This week we’ve heard that Disney will be looking at “spinoff and prequel” ideas for the live-action Beauty and the Beast movie that has just come out. But they don’t need to look at other options, because there is one obvious and perfect choice: A movie about Gaston.
Ever since I saw the live-action Beauty and the Beast I have thought about Luke Evans’ Gaston approximately... oh, every five minutes. As I said in my review, Evans is far and away the best part of the remake. While everything else added to the film felt like a stumbling block, Gaston’s scenes were a delight to behold. It wasn’t exactly that Gaston had depth so much as he walked a line of menacing and hilarious that just worked.
Yes, the movie stumbled a little bit with the added backstory its given the character—but the sheer magnetism of Evans (and Josh Gad as LeFou) manage to pull it off. We know from interviews with Evans that Gaston’s a local hero because he saved Villeneuve from raiders. And the movie calls him captain and talks about the “war,” which is where LeFou decided to follow him.
And I want that movie. I want a “Gaston at war” movie a lot.
Here’s the thing: I don’t want to make Gaston sympathetic. Gaston’s scary because he’s not in possession of magical powers or a family member or royalty. He’s basically a guy who, by virtue of being handsome and physically strong, has never been denied anything, ever. His evil is a sort of everyday kind of threat. And charting that path would be fascinating.
A movie that shows how Gaston saved the town and won the adulation of its inhabitants would be entertaining, but a movie that also showed how his actions and approval don’t make him a good person would be so, so interesting. It would draw a larger line under the idea that the whole town is complicit in raising monsters and excluding Belle, in creating a mindset that lets Gaston think he can threaten Belle and murder people to get what he wants.
The movie has a bit where Gaston starts to lose his temper and LeFou talks him down by talking him back to his happy place: the war. He mentions the blood, and the violence, and “the widows.” Everything he learned in Villeneuve was reinforced in the army, that violence was good and that women would throw themselves at him. Belle really wants to leave the village, but Gaston shows that the world outside Villeneuve isn’t necessarily better.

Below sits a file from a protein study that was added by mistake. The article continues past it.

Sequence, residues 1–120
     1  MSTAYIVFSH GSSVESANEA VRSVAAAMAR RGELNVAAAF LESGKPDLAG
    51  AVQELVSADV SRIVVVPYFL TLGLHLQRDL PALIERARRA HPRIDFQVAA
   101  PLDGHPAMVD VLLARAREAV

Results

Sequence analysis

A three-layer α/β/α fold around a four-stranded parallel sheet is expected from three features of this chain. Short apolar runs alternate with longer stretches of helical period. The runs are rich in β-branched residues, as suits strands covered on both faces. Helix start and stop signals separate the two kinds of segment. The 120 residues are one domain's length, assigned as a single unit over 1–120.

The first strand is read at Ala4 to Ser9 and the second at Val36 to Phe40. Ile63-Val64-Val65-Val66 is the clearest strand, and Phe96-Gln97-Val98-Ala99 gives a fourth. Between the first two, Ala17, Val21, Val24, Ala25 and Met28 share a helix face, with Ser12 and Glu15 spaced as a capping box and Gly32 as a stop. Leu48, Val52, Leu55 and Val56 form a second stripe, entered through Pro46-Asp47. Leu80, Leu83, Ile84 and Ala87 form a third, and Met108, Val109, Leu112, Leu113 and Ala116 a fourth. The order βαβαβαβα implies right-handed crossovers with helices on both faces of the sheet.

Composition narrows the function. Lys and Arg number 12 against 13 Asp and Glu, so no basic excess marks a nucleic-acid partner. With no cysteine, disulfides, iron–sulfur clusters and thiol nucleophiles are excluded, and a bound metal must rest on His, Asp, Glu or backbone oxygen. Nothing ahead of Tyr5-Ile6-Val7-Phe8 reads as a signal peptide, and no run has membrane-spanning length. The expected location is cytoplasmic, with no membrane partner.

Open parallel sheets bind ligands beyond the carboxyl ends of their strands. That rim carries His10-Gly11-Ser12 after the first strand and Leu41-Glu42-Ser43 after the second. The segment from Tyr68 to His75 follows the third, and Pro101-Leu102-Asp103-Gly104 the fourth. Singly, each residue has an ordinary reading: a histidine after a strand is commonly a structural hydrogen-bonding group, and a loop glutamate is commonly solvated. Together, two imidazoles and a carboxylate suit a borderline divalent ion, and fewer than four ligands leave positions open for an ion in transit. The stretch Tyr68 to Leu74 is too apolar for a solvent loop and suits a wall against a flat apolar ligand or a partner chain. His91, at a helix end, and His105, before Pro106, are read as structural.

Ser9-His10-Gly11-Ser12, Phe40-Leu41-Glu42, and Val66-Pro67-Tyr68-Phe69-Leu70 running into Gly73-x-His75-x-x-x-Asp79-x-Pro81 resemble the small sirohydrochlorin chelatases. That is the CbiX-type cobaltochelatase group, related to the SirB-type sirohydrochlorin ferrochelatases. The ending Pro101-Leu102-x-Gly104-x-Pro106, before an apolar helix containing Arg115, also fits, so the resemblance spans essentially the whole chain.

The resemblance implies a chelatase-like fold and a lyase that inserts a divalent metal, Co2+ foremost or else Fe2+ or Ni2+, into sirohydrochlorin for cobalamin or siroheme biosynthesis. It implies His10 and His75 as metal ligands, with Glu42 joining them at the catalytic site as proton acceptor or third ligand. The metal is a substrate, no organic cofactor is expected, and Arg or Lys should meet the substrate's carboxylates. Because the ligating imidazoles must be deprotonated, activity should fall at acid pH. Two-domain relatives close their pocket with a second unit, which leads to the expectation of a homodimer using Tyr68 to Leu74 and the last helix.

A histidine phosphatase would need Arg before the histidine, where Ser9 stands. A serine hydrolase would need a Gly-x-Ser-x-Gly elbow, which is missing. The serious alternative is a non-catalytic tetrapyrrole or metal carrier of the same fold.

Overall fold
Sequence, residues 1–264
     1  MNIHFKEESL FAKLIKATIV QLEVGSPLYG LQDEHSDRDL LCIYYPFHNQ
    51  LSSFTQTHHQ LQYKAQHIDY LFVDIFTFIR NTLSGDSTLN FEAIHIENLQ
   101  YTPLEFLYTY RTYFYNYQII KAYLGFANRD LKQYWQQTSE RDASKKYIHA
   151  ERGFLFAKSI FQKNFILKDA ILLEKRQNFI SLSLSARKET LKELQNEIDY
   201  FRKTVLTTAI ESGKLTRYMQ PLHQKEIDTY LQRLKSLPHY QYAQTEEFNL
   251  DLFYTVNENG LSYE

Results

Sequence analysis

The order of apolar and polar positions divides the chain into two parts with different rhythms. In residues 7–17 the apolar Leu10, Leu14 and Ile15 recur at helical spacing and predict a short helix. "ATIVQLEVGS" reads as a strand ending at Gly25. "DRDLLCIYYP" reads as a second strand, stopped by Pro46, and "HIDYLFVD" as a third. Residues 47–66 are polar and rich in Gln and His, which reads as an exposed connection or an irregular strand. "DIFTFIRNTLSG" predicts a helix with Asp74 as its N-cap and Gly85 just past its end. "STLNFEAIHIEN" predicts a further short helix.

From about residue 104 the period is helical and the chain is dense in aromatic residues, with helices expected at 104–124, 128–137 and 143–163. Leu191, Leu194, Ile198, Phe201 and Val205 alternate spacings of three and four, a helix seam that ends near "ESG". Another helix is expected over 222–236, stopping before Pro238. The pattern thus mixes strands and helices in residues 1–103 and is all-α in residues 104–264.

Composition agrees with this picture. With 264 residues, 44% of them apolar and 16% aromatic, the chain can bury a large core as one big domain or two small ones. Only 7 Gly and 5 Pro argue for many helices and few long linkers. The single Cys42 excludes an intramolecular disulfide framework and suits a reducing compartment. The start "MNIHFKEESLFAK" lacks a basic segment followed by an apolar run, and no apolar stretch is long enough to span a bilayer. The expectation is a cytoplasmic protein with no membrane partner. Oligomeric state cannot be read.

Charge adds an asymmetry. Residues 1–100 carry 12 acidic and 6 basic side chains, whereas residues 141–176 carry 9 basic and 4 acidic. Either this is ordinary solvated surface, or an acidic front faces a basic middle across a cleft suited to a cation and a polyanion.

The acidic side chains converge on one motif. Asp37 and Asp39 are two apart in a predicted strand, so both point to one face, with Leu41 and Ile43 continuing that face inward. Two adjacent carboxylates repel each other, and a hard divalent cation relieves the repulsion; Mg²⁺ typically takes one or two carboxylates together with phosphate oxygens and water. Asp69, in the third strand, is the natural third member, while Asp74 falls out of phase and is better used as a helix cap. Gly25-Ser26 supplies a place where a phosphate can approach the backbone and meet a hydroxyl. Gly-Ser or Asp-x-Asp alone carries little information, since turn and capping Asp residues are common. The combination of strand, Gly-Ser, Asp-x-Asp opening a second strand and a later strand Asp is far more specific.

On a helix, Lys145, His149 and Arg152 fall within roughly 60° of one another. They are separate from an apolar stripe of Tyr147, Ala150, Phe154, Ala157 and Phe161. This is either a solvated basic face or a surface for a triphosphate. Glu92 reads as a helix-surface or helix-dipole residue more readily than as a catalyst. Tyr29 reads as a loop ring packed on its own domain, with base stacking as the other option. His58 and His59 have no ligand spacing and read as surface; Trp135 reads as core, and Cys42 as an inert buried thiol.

Gaston comes back from the war even more full of himself and even more prone to rage and violence. Again, it makes Gaston more three-dimensional but it’s important that Gaston isn’t “wounded.” He’s a guy who never challenges his advantages or ever thinks to take “no” for an answer, war hero or not.
The movie also says that not only does Gaston want Belle because she’s beautiful, but because she’s not falling all over herself to win his favor. It’s a surprising bit of depth for a character who is otherwise so shallow. It’s not just wanting what he can’t have, but wanting something real. A prequel could show us how he comes to that decision, how all the “widows” started to lose his interest. Of course, Gaston’s motives still don’t excuse his actions.
A Gaston prequel also becomes a LeFou movie. In the live-action Beauty and the Beast, it’s LeFou who arguably has the biggest emotional turn. He starts out as a dedicated patsy for Gaston, backs Gaston when he denies trying to kill Maurice (which he totally did do and which LeFou was there for), starts expressing doubt about Gaston’s actions, and finally changes sides in the final battle. A movie where LeFou idolizes Gaston during the war, where he feels like Gaston kept him alive, explains LeFou’s devotion. It also cuts out the nasty implication that LeFou, who is gay in the movie, just follows Gaston because he has a crush on him. Ever since the whole “gay moment” revelation, I have said that I wanted Beauty and the Beast to end with Gaston and LeFou realizing that toxic masculinity was the real villain the whole time. And since I didn’t get that, I would like a prequel exploring some of the same issues instead.
All of those would be great things to explore in a Gaston movie. Layering it all with how funny these two actors are would only make it better; it’s easy to laugh at both of them, but there’s a real danger in them, defying you to not take them seriously. In Beauty and the Beast, Evans and Gad proved that they had enough chemistry, comic timing, and serious dramatic chops to pull their own movie off.
Plus, we didn’t get nearly enough of either of them singing. Give me this movie. Please.